THE LAST WEREWOLF 10/10 review in Subba Cultcha

The Real Tuesday Weld
Songs For The Last Werewolf

Perfect and dazzling latest release from the Clerkenwell Kid and his band of Merry Men – The Real Tuesday Weld – return with part-theatrical retelling of the Glen Duncan Book THE LAST WEREWOLF and part mythical Musical mystery tour through genres and rabbit-holes eternal…

Label: Antique Beat

The Real Tuesday Weld

In its purest form Music should be the key to psychic associations.
This song remind me of this time because…
The time was soundtracked by this artist and these songs were the reason…

Music should be a resonant, reminding us of what is good and bad and magical about life and memory and this ridiculous folly we call Life.
As such, some artists and musicians mean more to me than some of my real friends.
They remind me of times when I succeeded, times I wish to forget but will never do so – because of a section or lie from a song or an album or a burst of a chorus or verse, Musical membranes wrapped around my cerebral cortex and slowly stroking the pain away or prodding home the point…

The Real Tuesday Weld are a band that I hold in such massive esteem that I often refer to them as “My Band”. Mine, no one else’s, these songs were created and written and recorded and released for me and no one else.
From the moment I first heard Bathtime In Clerkenwell from the I, LUCIFER soundtrack I was hooked – however it was the brilliant “La Bete et La Belle” that stole my heart and soul and forever indebted me to their brilliance.
I had the book of I, LUCIFER bought for me by a then Girlfriend (one of the only genuinely happy memories of her) and read how there was a soundtrack for the book – a Novel concept which – upon hearing, was a life changing and eye opening exercise.

We were set to use BATHTIME IN CLERKENWELL as a piece in a film I was making at the time, then the lucozade Advert exploded into the public consciousness and I cried for about a week…

The Real Tuesday Weld have survived as a passion ever since, London Book Of The Dead, I, Lucifer and The End Of The World all have repeatedly and frequent spins on my Ipod, and I have been lucky enough to interview main-man Stephen Coates – and see work from a friend who made a film with him.
Seriously – I love this band.

So, when SONGS FOR THE LAST WEREWOLF landed on my doormat I not only did a dance, screamed YIPPEE! Like a giddy schoolboy, but also almost broke my leg trying to get the thing into my CD player.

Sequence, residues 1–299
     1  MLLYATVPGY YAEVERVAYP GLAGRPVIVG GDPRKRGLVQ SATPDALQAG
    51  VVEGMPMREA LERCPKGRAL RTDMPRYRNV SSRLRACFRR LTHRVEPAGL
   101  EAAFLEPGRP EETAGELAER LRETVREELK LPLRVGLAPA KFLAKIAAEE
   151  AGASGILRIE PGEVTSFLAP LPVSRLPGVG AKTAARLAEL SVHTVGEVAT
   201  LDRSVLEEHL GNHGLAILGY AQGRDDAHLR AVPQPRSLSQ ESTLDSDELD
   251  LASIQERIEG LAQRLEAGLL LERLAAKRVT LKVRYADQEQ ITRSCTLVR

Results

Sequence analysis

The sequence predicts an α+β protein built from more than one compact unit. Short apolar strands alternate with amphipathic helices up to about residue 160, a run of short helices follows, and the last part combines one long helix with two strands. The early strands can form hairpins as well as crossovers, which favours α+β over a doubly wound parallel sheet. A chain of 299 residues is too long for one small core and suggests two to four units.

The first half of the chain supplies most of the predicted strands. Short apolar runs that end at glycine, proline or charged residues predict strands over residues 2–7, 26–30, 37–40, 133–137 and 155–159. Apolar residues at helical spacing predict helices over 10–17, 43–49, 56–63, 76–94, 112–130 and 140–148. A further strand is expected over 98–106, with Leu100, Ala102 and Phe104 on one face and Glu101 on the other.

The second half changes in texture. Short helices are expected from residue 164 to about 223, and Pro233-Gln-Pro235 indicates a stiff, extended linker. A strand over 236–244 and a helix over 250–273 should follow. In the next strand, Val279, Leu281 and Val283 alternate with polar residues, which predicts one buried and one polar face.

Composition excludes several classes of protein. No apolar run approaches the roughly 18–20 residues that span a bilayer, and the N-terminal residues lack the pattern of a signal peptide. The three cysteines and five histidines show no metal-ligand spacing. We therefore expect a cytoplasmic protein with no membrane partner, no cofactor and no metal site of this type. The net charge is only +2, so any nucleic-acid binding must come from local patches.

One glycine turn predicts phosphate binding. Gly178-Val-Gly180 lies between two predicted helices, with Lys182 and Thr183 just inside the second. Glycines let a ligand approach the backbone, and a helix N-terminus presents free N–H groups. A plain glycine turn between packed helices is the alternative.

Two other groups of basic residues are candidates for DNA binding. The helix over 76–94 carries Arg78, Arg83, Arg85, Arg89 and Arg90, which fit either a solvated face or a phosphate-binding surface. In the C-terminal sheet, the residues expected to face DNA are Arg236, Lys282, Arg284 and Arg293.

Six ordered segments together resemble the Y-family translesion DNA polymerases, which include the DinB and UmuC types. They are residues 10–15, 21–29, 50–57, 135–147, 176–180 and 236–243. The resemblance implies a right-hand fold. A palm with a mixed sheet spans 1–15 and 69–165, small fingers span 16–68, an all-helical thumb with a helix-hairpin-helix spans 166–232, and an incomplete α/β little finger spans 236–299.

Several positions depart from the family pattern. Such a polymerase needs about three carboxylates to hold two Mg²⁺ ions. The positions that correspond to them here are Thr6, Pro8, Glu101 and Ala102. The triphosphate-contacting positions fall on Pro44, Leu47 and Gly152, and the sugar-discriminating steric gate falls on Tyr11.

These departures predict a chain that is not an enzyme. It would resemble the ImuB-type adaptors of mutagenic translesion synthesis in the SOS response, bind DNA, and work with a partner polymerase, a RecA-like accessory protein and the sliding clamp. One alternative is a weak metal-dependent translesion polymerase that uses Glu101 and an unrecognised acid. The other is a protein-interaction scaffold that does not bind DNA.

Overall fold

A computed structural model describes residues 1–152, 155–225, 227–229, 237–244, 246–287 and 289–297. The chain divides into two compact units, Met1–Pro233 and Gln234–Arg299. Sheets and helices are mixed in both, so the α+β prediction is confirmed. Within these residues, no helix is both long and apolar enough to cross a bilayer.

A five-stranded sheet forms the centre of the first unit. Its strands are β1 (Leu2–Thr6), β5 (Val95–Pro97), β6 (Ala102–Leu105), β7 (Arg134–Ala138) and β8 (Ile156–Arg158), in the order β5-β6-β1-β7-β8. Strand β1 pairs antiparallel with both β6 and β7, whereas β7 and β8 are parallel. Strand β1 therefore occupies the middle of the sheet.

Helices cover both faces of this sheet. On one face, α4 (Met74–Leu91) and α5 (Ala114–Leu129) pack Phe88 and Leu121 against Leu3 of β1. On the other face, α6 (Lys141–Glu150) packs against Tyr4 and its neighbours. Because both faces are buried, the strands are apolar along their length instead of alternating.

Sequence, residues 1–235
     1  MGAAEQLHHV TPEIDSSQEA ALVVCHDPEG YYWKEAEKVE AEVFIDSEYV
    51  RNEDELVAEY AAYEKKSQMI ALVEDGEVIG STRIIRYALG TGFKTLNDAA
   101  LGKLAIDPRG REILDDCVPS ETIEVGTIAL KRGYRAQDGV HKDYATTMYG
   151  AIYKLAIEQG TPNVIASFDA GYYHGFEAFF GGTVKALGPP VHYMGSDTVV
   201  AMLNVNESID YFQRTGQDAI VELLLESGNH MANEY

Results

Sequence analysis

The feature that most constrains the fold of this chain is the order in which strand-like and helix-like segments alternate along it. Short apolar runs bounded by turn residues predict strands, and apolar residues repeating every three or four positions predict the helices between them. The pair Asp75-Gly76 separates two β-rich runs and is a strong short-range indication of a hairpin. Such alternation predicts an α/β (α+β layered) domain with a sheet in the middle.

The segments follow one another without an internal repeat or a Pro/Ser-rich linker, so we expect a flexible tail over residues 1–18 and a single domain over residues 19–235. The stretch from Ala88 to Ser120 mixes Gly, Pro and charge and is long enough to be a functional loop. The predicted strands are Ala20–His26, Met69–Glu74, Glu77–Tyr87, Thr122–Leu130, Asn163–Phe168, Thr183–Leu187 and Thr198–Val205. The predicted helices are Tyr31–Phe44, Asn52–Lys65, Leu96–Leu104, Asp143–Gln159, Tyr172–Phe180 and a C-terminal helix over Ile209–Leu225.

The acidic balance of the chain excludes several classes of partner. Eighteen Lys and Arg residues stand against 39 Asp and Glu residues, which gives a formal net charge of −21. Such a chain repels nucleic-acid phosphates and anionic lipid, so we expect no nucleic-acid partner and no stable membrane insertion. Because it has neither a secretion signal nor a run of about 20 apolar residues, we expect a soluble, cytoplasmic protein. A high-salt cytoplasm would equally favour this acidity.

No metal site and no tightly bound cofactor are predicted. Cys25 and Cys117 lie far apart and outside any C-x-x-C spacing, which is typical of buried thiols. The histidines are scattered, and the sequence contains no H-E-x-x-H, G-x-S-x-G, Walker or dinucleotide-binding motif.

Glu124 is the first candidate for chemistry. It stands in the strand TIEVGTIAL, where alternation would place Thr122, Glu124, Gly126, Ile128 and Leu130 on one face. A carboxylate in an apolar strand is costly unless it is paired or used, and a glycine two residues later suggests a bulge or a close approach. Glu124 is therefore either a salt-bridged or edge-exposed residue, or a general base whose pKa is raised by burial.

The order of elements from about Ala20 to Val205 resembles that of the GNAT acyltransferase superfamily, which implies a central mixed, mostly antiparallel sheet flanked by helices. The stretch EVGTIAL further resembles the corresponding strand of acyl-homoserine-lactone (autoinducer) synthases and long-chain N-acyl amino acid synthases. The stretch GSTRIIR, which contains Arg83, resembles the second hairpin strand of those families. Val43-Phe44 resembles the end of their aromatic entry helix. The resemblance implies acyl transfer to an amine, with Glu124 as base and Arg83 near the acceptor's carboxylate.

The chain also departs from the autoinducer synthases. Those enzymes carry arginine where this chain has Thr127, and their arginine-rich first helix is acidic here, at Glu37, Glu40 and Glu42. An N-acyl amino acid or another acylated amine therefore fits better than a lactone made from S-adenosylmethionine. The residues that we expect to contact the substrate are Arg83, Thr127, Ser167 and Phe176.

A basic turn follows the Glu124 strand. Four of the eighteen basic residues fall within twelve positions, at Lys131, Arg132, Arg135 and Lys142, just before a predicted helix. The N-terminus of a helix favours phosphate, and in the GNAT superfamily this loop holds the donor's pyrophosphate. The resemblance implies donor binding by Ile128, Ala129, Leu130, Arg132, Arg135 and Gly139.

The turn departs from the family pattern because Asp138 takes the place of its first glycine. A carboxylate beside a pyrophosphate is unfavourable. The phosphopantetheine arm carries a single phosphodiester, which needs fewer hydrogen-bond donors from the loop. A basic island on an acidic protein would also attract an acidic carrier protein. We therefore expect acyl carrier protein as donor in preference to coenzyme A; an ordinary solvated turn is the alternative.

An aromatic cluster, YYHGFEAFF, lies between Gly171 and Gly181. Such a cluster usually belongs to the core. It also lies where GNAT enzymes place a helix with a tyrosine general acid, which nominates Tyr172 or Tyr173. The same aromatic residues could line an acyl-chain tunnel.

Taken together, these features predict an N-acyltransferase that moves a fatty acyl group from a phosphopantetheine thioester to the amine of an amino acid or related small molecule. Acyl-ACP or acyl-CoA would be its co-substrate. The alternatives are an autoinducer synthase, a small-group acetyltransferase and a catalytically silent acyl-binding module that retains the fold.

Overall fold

And by God.
What a sonically wondrous result met me!

Crafted as a narrative take on Musically translating the Glen Duncan book – The Last Werewolf – and presented as a series of short story vignettes that cover the narrative of the original book and tiptoes and waltzes within so many genres of music that it must surely hold records – this is an album that has you gripped and grinning from second one right through to its fading outro – a masterpiece of musicianship and concept married into one genuinely thrilling whole…

Stephen Coates parades throughout like a reserved ringleader, red coat flowing, doffing his top-hat to passing wives and widows – Licking his lips in lascivious ways and baring a Toothy, wicked and hungry grin as they saunter past – The wolf at the heart of the story.
He drafts in frequent collaborators The Puppini Sisters, Joe Guillotine and – most brilliantly, like he did on I, LUCIFER, Glen Duncan – the author and crafter of the world Coates orchestrates with pulsing, ebbing and flowing musical games – to provide an album part theatre, part radio broadcast and all entertaining… Churning out moments of Single obscure beauty and epoch brilliance that you are dizzy by albums end trying to keep up.

Songs like the Tom Waits alike opener WOLFMAN are bursts of ecstatic energy, gruff voiced and ragtime band, full of decayed, resonant and refreshingly old school, lo-fi charm – it pops the top of the can and sprays you with the intent of the record inside – MR AND MR WOLF is a lipstick red ballad of love and obsession and murderous intent, split vocally between the sweet and tender woman and the gruff and hairy palmed and voiced Male – a flirtatious and deadly mix of hedonistic seduction and devilry – which will either end up with the bed or the bodybag.
I could go on… But.

Let me put it this way.
Spouting polemically and hyperbolic at the album does not justice make.
This is an album you need to experience and fall in love with.
A decadent, old fashioned romance of a record – full of highs and lows of mood, visionary throughout and once again completely perfect from first to last.
I will be listening to it for months without getting bored.
You will do the same.

The Real Tuesday Weld have never let me down.
Like Tom Waits, Nick cave and Jeff Buckley – it is a genuine one of a kind, tripping the light fandango on a dance-floor of his own creation, and laughing at the absurdities of being like everyone else, Stephen Coates and his musical band of misfits are genuine heroes of music, and I will salute and shout about them from rooftops until I have no voice and blood drips from my throat.

Like as though the werewolf consumed me…
Which, let me tell you…
It did.

And I loved every single little second.

Andi James Chamberlain